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Wednesday, June 23, 2010


The Japanese has such great teamwork. The other day as I queried about my credit card refund with the hotel receptionist, her colleague at the far end came over instantly with the documents without her prompting. It is as if they are telepathic.
Teamwork is natural to the Japanese as they spend countless hours in 'group-work'. Hardly any work gets done without first having a group discussion and consensus. This however, takes a lot of time. Something which typically takes 30 minutes to complete may extend to 6 hours in a group. But to them, it is not a drag. This is the way things have been done and it is the way it is. To an outsider like myself, I find that difficult to understand.
There is no absolute answer as to whether individually completed work or group work is better. I feel that sometimes, we should honour individual work, and at other times, group work -depending on the context and urgency. Group work takes up more time and not always better quality work. Also, work-life balance is also important. It is senseless to have strong teamwork in the company and broken relationships in the family.

Thursday, June 17, 2010

Respect and Honour Your Guests

The Japanese is probably the most polite people in the world and a culture that offers the best customer service.

A Japanese host upon seeing anyone coming near their shop would instantly bow, greet the person, and say "please come in".

A Chinese host would normally wait for the customer to enter the shop before talking to the customer. Those that do come out, usually do so to ask what the customer wants. Some of the more zealous ones will go further to suggest what the customer should have.

I would feel more comfortable entering a Japanese shop, as I feel honored and pampered to examine what they have to offer at my liberty, without obligations.

In a Chinese shop, I would feel pressured to buy, as an expectation is already set.

For all else being equal, many of us would rather enter the Japanese shop than the Chinese shop, as the former offers us the comfort and liberty to do so.

The crux of it happens in the first three seconds when anyone is seen near the shop. For the Japanese, it is a reflex to honour and respect the other person. Applied to business, it not only win over the customers' hearts, but even win against the hungrier,leaner and arguably more efficient Chinese.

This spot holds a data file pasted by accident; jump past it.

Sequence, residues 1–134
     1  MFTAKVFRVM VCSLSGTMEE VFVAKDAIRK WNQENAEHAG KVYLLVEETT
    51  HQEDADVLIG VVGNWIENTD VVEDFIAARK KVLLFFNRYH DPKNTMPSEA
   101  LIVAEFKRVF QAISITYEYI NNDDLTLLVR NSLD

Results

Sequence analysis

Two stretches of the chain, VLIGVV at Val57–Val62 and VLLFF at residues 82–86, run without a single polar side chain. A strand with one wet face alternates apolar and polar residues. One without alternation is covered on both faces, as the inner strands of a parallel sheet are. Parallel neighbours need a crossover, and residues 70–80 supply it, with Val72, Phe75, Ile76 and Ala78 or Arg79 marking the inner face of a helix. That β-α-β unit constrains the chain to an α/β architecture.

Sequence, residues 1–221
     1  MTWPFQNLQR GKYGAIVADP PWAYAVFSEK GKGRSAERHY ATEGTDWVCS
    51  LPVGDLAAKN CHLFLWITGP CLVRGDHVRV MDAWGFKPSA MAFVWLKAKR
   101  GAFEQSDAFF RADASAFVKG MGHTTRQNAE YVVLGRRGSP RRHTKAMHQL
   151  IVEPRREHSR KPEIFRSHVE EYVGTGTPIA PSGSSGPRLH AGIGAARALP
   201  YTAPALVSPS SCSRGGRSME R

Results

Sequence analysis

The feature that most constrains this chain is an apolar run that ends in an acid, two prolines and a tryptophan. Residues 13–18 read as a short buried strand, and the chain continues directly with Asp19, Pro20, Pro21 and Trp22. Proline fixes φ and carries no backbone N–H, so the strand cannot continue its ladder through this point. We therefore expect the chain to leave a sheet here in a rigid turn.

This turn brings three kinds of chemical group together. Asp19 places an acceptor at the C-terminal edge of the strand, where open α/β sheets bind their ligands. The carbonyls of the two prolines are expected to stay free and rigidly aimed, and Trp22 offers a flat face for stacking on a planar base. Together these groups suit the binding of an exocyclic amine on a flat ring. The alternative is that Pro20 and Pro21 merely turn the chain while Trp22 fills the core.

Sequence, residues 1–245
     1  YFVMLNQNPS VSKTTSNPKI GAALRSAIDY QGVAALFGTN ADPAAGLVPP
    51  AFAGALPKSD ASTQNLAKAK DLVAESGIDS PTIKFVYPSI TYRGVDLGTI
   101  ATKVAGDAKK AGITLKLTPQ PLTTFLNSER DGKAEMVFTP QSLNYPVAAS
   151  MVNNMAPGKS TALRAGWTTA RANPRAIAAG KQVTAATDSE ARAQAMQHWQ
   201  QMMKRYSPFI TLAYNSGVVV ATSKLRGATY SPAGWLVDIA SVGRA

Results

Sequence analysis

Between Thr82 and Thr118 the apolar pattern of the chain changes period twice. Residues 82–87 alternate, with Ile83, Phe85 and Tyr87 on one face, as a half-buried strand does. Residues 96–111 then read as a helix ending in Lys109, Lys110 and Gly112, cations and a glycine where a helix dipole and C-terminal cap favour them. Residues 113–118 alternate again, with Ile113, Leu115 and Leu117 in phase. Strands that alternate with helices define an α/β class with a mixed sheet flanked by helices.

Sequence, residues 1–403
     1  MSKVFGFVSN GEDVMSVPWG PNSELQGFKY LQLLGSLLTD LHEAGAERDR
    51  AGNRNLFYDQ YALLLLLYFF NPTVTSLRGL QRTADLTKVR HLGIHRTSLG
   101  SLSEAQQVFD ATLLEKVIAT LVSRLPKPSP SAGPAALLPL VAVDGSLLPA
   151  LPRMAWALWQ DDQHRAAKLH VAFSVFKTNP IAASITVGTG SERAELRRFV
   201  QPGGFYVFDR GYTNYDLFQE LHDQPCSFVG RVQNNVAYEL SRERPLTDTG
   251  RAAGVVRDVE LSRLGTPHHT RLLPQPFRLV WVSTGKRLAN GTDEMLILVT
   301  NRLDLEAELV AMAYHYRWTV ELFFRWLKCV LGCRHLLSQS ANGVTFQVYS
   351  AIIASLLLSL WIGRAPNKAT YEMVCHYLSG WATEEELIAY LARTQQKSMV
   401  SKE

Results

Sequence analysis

Taking longer than three seconds to react to the presence of the customer will not have the same effect, as it will turn out choreographed or orchestrated. Just like the many smiles and "Good morning sir" greetings from American fast food chains, they don't produce the same results.

This crucial three seconds, however took a lifetime to develop. A lifetime to make it one's second nature. The irony is that the Japanese culture of honorific greetings and bowing was originally imported entirely from China!

This comparison between the Japanese and Chinese is a case of culture winning over brute force. It also demonstrates that 'copies' can be refined to a quality higher than the original.

In history, the superior culture eventually emerged the victor.

In 371 BC, the Spartans lost the war against the Athenians, although the former had a superior record in military might. The Athenians rose to become influential figures in economics and politics in the territories they lost to the Spartans and corroded the defensive brute force Spartan shell.

Similarly, after the Mongols had invaded China in 1271, Kublai Khan adopted legal systems of the Han Chinese and established political systems, radicated politics of centralized state power, resumed normal ruling orders, and also, created the system of administrative province.